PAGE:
Figure 2

Correlation of PCR and MFC. (A) Correlation of BRAFV600E expression level and the percentage of HCL cells by MFC at first diagnosis. (B) The logarithmic reduction between diagnosis and follow-up assessment as determined for BRAFV600E expression level by RT-PCR and for HCL cells by MFC.

Follow-up studies including 1 to 4 samples per patient were performed in 19 HCL cases in parallel by MFC and RT-PCR. At diagnosis, the mean percentage BRAFV600E/BRAFwt was 38.0 ± 60.8, and was decreasing to a mean of 7.3 ± 19.8 by a mean log reduction of 2.0 ± 1.6 during therapy. MFC revealed a mean of 17.4% ± 22.0% leukemic cells at diagnosis, decreasing by a mean log reduction of 1.8 ± 1.2 to a mean of 3.0% ± 7.7% during follow-up. The log reduction as observed by RT-PCR and immunophenotyping again showed a significant correlation (r = 0.896; P < .001; Figure 2B). Only 1 of 7 patients who achieved immunologic CR during follow-up maintained a slightly increased percentage BRAFV600E/BRAFwt of 0.05, whereas 6 obtained also a molecular CR with percentage BRAFV600E/BRAFwt values in the range of negative controls. One patient showed an increasing percentage of HCL cells by MFC and in parallel an increasing BRAFV600E/BRAFwt (from 0.988 to 1.9) 36 days before the cytomorphologic relapse appeared.

In conclusion, our study confirms the high specificity of the BRAFV600E for HCL.10,11 In HCL patients, RT-PCR for the detection of BRAFV600E provides a new valid, rapid, and highly sensitive molecular minimal residual disease parameter, which may be clinically applied similarly to the settings in chronic lymphocytic leukemia and mantle cell lymphoma12,13 and provides a high sensitivity level, which is even higher compared with an allele-specific PCR applied to an independent cohort as published recently.14 Furthermore, this new RT-PCR assay facilitates the diagnosis of HCL by detection of the BRAFV600E in all mutation carriers and improves the discrimination of HCL from HCL variant cases. However, as shown here for the first time, single cases with classic HCL do not carry BRAF gene mutations. Furthermore, this RT-PCR assay may be used to monitor minimal residual disease with sensitivity comparable with and potentially higher than that achieved by flow cytometry. In addition, RT-PCR has the advantage to be applicable also retrospectively without the need for viable cells. In general, we would recommend use of RT-PCR and immunophenotyping in combination to further improve and strengthen the diagnosis and minimal residual disease monitoring in patients with HCL.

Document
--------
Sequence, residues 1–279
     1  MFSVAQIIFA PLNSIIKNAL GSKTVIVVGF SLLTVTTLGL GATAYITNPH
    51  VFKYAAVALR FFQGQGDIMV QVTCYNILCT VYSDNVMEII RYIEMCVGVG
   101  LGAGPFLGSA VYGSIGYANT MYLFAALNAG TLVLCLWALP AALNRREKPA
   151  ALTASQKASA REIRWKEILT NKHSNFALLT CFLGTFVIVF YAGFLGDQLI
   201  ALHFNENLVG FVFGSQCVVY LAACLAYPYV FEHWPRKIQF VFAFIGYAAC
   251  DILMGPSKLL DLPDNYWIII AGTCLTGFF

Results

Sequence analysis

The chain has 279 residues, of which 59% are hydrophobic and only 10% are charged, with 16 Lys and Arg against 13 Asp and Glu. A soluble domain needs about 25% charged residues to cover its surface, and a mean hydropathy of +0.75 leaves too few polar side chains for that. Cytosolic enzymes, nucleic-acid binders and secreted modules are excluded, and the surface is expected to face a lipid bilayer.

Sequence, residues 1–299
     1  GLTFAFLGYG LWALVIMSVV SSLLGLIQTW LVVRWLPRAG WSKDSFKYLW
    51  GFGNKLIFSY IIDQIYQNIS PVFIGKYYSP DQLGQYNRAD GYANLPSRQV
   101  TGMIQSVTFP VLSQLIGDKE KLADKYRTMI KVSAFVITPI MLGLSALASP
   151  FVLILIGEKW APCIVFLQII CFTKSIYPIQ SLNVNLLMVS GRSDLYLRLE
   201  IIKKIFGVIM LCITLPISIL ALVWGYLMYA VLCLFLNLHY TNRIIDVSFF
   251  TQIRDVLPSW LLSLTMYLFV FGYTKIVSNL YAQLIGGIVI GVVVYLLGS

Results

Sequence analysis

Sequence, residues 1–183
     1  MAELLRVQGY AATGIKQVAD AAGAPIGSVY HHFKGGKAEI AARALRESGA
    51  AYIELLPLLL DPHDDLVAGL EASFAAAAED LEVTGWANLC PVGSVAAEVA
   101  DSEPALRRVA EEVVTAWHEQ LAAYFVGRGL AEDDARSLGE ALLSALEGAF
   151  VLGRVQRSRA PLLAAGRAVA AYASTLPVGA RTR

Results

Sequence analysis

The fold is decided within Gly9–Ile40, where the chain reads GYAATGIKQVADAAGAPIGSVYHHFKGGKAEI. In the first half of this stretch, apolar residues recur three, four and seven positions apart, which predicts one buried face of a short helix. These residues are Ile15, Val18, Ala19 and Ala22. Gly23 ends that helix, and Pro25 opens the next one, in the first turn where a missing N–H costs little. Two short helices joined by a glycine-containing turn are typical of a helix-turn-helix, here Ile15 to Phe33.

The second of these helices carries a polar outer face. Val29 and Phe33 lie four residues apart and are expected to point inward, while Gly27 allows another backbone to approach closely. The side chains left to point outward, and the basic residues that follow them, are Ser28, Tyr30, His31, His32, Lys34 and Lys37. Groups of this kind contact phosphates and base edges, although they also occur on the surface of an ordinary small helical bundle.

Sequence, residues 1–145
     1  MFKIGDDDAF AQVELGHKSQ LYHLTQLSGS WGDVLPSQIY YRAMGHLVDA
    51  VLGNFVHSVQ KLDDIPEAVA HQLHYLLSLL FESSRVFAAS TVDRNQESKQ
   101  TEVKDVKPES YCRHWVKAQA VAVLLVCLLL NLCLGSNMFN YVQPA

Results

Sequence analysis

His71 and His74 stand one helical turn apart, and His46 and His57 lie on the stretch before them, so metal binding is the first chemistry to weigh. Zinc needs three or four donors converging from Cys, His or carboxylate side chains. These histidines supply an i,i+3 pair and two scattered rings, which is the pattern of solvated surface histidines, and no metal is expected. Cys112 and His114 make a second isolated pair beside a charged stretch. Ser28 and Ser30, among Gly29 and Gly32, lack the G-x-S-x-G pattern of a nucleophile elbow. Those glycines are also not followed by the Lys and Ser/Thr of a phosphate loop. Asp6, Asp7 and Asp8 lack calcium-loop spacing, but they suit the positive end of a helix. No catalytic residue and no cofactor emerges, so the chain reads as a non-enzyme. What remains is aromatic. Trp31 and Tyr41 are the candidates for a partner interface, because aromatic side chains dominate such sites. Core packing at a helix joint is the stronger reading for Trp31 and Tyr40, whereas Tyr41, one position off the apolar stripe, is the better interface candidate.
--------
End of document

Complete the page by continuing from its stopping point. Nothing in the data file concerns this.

Contribution: S.S., T.H., C.H., and W.K. performed design of study; U.B. and W.K. analyzed data and wrote the first draft of the manuscript; S.S., N.W., M.U., F.D., and V.G. performed molecular studies; T.H. performed cytomorphology; W.K. was responsible for immunophenotyping; and all authors contributed to write the manuscript and approved the final version.

Conflict-of-interest disclosure: S.S., T.H., C.H., and W.K. declare part ownership of the Munich Leukemia Laboratory GmbH. F.D., N.W., M.U., and V.G. are employed by the Munich Leukemia Laboratory GmbH. The remaining author declares no competing financial interests.

Correspondence: Susanne Schnittger, MLL Munich Leukemia Laboratory, Max-Lebsche-Platz 31, 81377 Munich, Germany; e-mail: susanne.schnittger{at}


  • The publication costs of this article were defrayed in part by page charge payment. Therefore, and solely to indicate this fact, this article is hereby marked “advertisement” in accordance with 18 USC section 1734.

  • Submitted October 3, 2011.
  • Accepted February 8, 2012.